Using Lego blocks to build a model of the Starship Enterprise is something a lot of us nerds have either done or attempted to do. The thing is, no matter how detailed or accurate we got, the replica would never take to the skies like the spacecraft Captain Kirk commandeered. Now you can have your Lego models and fly them too; DIY Lego drones are officially a thing thanks to startups like the San Francisco-based Flybrix.
The startup has launched sales of a drone kit which anyone can use to design their own quad-, hex-, and octocopters. Inside the kit is an assortment of 50 or more Lego bricks, which serve as the building blocks for your volant creations. Also in there are quick-connect propellers and motors, which are what convert the models to machines.
Before getting to the design part, first things first: the Lego drones need to be built around what Flybrix calls a flightboard. It’s basically a pre-programmed PCB board onto which you can connect the LiPo battery that powers the entire thing, and any other motors or electrical components you’d like to go on there. Drones need to be designed in such a way that the flightboard is set up safely inside the structure. The kit comes with a USB LiPo battery charger cord to make it simple to keep the 3.7v battery well-supplied.
Flybrix’s Lego drones can be operated using a standard RC controller. The controllers are a standard inclusion on the Deluxe kits. The Basic kits don’t come with an RC controller, but there is the option of purchasing an RC Expansion Pack priced $80 at a later time.
Another option users have is to control their drones using the companion app that’s available on Apple or Android devices. The app communicates with the drones over Bluetooth, and mimics the arrangement of controls in a physical controller—experience with an RC controller will help if you’re trying to pilot a drone with an app for the first time.
What makes Flybrix’s product so appealing is that there is a little something in there for various user types across age groups and drone-flying experience. It’s designed for those 14 years of age and older. For younger users, it’s a way to pick up a fun hobby while also getting familiar with concepts in aviation and electronics. It’s also nice to have a plaything that can crash and break without ruining the mechanics or the experience; that’s the whole point of it.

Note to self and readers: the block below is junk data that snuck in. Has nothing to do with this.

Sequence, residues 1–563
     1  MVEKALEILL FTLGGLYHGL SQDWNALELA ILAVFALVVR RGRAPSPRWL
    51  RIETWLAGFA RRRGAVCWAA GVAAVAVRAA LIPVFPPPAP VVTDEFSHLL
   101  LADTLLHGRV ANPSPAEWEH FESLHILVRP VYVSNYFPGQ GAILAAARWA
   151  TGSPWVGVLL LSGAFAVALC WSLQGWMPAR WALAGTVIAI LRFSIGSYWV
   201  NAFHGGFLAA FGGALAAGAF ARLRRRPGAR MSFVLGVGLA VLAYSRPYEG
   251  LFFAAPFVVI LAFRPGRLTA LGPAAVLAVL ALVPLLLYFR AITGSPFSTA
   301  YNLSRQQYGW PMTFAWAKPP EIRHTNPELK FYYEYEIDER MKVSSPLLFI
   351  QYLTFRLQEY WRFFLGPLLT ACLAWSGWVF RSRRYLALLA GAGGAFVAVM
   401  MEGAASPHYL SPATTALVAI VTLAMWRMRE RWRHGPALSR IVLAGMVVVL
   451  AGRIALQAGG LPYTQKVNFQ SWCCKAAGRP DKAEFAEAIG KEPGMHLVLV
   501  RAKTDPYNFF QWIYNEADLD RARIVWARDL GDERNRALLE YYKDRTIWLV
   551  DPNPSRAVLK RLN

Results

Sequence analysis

For more advanced users, Flybrix offers an Arduino-compatible ARM Cortex M4 processor that’s the brains of the operation. The flightboard PCB houses a magnetometer, barometer, SD card slot, and ADC converters. It carries plenty of firepower out of the box, but it’s also possible to add GPS and WiFi modules.
If all those bells and whistles weren’t cool enough, it’s also possible to mess around with the software that runs Flybrix’s Lego drones. The codebase is all open-source; you can access it here on Github. To configure flight behavior without diving into code, there’s a laymen-friendly Chrome extension. It can also be used to record and review data from the sensors on board.
Flybrix was founded in 2015 by Holly Kasun, Robb Walters, Amir Hirsch; there are degrees from MIT, Caltech, and University of Wisconsin-Madison between them. Hirsch is also the co-founder of Zigfu, a service that simplifies the process of making apps for Kinect. The startup declined to give CNN funding information, but they’re well on their way to drumming up greater investor interest if the initial buzz around the product is anything to go by.
The Basic and Deluxe edition Flybrix drone kits are being offered at an introductory price of $149 and $189 respectively. They will cost $189 and $249 after the introductory period. Units can be purchased on the company website.
Prateek Jose is a writer and engineering undergrad from India with an unhealthy obsession for obscure historical trivia. Conversations about absurdist fiction and the technological singularity make his day. He’s already uploading parts of his brain to servers by writing for websites such as this one.
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